Through a lab darkly

Cognitive scientists should be explorers of the mind, forging a path through the chaotic world of everyday life before even thinking of retreating to the lab, according to a critical article in the latest edition of the British Journal of Psychology.

Cognitive science often works like this: researchers notice something interesting in the world, they create a lab-based experiment in an attempt to control everything except what they think is the core mental process, they then test the data to see if it predicts real-world performance.

A new approach, proposed by psychologist Alan Kingstone and colleagues, suggests this is fundamentally wrong-headed and we need to completely rethink how we study the human mind to make it relevant to the real world.

The authors suggest that the standard approach relies on a flawed assumption – that mental processes are like off-the-shelf tools that do the same job, but are just assembled by the mind in different ways depending on the situation.

But imagine if this isn’t the case and mental processes are, in fact, much more fluid and adapt to fit the environment and situation. Not only would we have to change our psychological theories, we would have to change how we study the mind itself because the assumption that we can isolate and test the same mental process in different environments justifies the whole tradition of lab-based research.

The authors suggest an alternative they call ‘cognitive ethology’ and it focuses the efforts of cognitive scientists on a different part of the research process.

Let’s just revisit our potted example of what most cognitive scientists do: they notice something in the world, they create a lab-based experiment, they test to see if it predicts real-world performance.

The first part of this process (noticing -> lab-experiment) is often based on subjective judgements and rough descriptions and isn’t validated until the lab-based experiment is tested.

Kingston and his colleagues argue that scientists should be applying the techniques of science to the first stage – measuring and describing behaviour as it happens in the real world – and only then taking to the lab to see what happens when conditions change.

They give an example of this approach in an interesting driving study:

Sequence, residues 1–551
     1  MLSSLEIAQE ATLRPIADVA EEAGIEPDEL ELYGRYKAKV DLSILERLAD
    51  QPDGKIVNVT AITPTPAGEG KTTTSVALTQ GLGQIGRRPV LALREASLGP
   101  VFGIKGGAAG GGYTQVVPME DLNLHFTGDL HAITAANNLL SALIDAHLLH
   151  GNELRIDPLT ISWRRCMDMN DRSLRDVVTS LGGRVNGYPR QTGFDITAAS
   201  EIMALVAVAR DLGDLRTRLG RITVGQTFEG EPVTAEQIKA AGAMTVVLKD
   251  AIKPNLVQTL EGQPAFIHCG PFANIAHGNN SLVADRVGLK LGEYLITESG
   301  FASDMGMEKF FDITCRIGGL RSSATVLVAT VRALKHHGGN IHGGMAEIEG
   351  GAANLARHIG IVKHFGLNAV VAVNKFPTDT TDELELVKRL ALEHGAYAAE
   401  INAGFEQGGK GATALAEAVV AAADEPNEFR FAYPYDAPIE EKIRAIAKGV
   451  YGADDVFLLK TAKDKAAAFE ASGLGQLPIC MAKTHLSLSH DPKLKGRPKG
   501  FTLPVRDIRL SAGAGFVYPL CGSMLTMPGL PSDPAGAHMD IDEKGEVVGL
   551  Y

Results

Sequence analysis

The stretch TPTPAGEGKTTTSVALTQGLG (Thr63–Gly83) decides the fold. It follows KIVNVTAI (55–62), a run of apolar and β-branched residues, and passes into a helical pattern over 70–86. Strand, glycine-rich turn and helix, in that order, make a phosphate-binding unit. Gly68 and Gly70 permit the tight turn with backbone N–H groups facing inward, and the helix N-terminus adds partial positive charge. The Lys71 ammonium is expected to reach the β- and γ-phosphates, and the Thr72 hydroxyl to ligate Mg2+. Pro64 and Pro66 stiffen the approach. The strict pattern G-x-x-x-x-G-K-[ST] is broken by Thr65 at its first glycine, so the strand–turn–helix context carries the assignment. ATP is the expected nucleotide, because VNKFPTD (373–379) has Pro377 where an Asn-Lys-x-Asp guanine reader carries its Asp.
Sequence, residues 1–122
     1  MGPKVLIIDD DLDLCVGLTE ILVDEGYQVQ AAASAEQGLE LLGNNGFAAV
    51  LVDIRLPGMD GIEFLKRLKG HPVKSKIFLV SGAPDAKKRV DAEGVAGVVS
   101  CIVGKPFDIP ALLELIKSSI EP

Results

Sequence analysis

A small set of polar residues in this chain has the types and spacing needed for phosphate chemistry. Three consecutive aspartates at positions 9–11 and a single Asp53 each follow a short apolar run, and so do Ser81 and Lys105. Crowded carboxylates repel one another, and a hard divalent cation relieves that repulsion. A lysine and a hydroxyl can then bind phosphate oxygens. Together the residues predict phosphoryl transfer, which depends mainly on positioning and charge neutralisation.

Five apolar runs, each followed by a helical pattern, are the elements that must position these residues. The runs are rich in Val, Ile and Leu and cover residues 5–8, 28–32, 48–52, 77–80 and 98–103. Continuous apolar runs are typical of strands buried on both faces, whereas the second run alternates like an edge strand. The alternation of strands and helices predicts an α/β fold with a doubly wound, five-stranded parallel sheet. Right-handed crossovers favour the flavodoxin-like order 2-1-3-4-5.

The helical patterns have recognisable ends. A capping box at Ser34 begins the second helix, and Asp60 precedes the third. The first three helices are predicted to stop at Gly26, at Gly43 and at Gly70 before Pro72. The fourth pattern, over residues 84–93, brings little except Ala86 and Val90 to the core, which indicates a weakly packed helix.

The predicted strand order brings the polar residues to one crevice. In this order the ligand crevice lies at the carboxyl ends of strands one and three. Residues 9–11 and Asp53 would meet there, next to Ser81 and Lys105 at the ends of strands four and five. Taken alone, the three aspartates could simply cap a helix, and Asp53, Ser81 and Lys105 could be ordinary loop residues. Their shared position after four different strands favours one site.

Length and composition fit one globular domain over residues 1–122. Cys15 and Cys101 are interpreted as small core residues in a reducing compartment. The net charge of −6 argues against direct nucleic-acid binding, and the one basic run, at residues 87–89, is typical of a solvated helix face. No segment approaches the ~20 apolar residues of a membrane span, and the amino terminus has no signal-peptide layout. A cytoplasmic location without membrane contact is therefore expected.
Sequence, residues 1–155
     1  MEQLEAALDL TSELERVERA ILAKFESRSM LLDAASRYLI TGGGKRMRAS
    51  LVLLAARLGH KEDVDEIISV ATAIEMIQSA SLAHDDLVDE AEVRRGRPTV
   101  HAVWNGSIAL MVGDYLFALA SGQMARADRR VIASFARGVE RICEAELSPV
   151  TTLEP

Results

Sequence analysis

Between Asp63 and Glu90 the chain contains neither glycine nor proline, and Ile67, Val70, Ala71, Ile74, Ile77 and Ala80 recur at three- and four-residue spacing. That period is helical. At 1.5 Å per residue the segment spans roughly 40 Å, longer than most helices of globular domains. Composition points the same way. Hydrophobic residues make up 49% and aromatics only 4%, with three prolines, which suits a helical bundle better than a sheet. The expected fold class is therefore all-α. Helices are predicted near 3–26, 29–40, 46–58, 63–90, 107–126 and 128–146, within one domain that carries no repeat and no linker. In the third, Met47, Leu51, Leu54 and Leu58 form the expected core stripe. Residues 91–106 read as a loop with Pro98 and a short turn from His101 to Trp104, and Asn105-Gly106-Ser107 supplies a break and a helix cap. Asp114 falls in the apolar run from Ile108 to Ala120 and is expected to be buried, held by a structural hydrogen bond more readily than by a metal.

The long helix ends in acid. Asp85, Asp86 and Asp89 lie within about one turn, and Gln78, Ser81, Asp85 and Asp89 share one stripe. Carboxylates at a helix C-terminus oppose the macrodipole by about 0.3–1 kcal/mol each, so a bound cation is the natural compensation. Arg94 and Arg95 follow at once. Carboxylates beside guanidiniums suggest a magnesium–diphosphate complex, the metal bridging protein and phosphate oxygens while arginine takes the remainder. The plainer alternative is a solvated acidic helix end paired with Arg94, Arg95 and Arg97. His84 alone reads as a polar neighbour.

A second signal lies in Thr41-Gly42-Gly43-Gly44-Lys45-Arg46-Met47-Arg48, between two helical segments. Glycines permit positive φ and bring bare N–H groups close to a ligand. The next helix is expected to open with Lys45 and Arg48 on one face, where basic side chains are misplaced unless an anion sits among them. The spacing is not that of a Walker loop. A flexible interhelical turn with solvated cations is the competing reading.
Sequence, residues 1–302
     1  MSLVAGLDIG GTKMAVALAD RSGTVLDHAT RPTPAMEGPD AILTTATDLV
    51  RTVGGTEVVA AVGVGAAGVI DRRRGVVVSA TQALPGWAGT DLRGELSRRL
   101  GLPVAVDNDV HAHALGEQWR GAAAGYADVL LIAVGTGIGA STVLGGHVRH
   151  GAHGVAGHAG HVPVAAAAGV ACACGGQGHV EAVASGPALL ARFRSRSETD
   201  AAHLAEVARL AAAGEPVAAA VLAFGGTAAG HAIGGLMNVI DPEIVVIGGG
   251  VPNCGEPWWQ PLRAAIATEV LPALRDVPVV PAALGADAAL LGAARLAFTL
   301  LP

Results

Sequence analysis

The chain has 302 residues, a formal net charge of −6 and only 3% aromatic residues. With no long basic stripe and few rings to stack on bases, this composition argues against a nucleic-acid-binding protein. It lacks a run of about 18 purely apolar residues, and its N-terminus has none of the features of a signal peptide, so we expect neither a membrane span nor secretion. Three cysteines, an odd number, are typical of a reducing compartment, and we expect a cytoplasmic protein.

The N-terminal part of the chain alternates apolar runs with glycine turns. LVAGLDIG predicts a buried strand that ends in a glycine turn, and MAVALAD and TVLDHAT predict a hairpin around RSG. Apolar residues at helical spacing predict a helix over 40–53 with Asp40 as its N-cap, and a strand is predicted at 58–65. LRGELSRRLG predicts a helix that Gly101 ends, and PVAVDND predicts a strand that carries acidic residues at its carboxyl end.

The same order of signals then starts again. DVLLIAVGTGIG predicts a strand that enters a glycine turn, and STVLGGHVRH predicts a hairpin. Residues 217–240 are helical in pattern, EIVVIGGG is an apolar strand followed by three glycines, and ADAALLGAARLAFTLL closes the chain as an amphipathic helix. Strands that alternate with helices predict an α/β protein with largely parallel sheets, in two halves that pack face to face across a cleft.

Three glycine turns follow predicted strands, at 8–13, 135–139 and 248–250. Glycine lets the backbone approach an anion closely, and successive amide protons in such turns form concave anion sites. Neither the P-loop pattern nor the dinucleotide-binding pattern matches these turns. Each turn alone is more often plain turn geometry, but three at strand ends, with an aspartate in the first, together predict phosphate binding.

A Nature publication by Land and Lee (1994) provides a good illustration of a research approach that is grounded in the principle of first examining performance as it naturally occurs. These investigators were interested in understanding where people look when they are steering a car around a corner. This simple issue had obvious implications for human attention and action, as well as for matters as diverse as human performance modelling, vehicle engineering, and road design.

To study this issue, Land and Lee monitored eye, head, steering wheel position, and car speed, as drivers navigated a particularly tortuous section of road. Their study revealed the new and important finding that drivers rely on a ‘tangent point’ on the inside of each curve, seeking out this point 1–2 seconds before each bend and returning to it reliably.

Later, other researchers used a lab-based driving simulator study to systematically alter how much of this ‘tangent point’ was available to see what caused abnormal driving.

The authors also make the point that this approach is much better at helping us understand why something happens the way it does, because it ties it to the real world and helps us integrate it with the our knowledge of personal meaning.

It’s an interesting approach and meshes nicely with a recent article on cultural cognitive neuroscience in Nature Reviews Neuroscience. It looked at a number of fascinating studies on cultural influences on mind and brain function and discusses how we can go about understanding the interaction between culture and the brain.

If you want to skip the theoretical parts, Box 1 is worth looking at just for a brief summary of some intriguing cultural differences in the way we think.

The piece was also rather expertly covered by Neuroanthropology who cover the main punchlines and discuss some of the claims.

Link to ‘cognitive ethology’ article.
Link to PubMed entry for ‘cognitive ethology’ article.
Link to ‘cultural neuroscience’ article.
Link to PubMed entry for ‘cultural neuroscience’ article.

Computers cause abnormal brain growth – proof!

I have discovered shocking evidence that computers are affecting the brain. After extensive research, I have discovered the problem is remarkably specific and I have isolated it to an individual brain area affected by one particular application. Microsoft Word is causing abnormal growth in the frontal lobes.

The cingulate cortex is a part of the frontal lobe that is known to be involved with conflict monitoring, pain and emotion, while Microsoft Word is a clumsy but ubiquitous word processing package that has an annoying habit of auto-correcting things you don’t want to be auto-corrected.

For example, try typing the words ‘cingulate cortex’ into Word and see what happens. It changes it to ‘cingulated cortex’, adding an annoying ‘d’ onto the end of the first word.

Whenever I’m writing a neuropsychology article, I now have the habit of doing a search and replace before I finish to sweep up any of these auto-errors. So I was wondering whether anyone else had suffered the same problem and searched the scientific literature.

Now, it could be that people have just been making standard typos throughout history, as adding a rogue ‘d’ is not uncommon, even when we’re writing with a pen, but this doesn’t seem to be the case.

While the use of the term ‘cingulate cortex’ stretches back to at least the beginning of the 20th century, the term ‘cingulated cortex’ barely appears, until Microsoft Word’s autocorrection tool arrives on the scene.

There are 15 uses of the phrase “cingulated cortex” from 1900 to 2000. There are 1,740 uses from 2000 to now.

Microsoft Word, it seems, is slowly changing the brain.

Without further ado, I have named the disorder Bell’s Frontal Nomenclature Hypertrophy Syndrome and demand that it be included in the diagnostic manuals.